Anonymous said...

"Gov't employees take a cut compared to private sector in salaries in exchange for the increased benefits."

Cite, please. This quote is used to justify all kinds of financial chicanery.


Anonymous said...

For Tim and others- where is this thing that says one only has to work 5 years for the g'vt? For the pension and whatnot, yes, you have to work 5 years and not collect until 62, but I don't see where the health insurance benefits kick in after only 5 years...

Anonymous said...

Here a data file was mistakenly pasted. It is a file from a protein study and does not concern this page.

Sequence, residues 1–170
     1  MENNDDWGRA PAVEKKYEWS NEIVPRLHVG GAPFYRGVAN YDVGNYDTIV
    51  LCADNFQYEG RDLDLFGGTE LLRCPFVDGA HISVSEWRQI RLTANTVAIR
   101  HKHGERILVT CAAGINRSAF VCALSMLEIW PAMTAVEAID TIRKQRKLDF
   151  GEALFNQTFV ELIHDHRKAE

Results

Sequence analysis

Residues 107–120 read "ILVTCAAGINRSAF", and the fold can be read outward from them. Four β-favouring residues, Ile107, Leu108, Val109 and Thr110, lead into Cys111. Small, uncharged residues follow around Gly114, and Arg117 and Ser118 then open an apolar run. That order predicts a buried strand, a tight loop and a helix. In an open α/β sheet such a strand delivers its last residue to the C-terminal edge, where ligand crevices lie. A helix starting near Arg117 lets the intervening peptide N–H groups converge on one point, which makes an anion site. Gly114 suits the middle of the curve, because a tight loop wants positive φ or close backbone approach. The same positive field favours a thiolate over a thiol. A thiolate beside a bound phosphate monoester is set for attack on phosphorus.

anonymous @ March 15, 2006 6:12 PM: What I have heard mostly rumorwise is that governments (state, federal and local) tend to pay more for job categories like administration, clerical, business services (unless outsourced) etc. but less for those that we could euphemistically call "value-producing", e.g. everybody who in the private sector would actually create the things that bring in the profits, as opposed to "just" administering and supporting the process.

Anonymous said...

Perhaps another way of looking at it is that government pay scales are less biased by whichever metrics of perceived contribution to business. (Which is not to say everybody gets the same, but the spreads in comparable "grade levels" across job descriptions is not as large.) Industry, with its larger volatility, has to pay more to certain worker groups who would otherwise easily jump ship.